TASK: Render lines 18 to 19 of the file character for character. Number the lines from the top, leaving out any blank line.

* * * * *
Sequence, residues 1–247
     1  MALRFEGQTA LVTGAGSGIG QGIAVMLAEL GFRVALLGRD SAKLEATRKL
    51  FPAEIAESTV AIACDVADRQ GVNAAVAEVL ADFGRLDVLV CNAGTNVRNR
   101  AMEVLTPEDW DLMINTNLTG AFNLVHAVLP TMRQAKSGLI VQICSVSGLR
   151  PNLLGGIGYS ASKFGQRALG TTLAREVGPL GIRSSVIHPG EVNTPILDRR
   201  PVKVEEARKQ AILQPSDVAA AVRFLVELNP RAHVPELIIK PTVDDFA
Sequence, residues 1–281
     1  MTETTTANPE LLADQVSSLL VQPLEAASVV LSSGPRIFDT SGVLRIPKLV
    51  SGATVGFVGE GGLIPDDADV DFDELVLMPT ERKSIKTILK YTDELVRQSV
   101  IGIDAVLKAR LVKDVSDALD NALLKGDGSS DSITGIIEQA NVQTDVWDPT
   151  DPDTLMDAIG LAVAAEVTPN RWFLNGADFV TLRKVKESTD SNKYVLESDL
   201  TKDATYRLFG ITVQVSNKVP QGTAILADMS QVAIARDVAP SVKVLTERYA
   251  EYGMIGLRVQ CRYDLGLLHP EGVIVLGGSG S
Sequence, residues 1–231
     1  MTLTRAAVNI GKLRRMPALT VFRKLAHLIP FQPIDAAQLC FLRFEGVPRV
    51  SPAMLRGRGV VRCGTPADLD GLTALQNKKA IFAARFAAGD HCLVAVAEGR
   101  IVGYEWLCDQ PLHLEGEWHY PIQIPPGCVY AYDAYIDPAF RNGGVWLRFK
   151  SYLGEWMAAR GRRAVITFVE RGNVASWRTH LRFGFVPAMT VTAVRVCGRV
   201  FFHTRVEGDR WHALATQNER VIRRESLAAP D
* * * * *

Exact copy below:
   151  SYLGEWMAAR GRRAVITFVE RGNVASWRTH LRFGFVPAMT VTAVRVCGRV
   201  FFHTRVEGDR WHALATQNER VIRRESLAAP D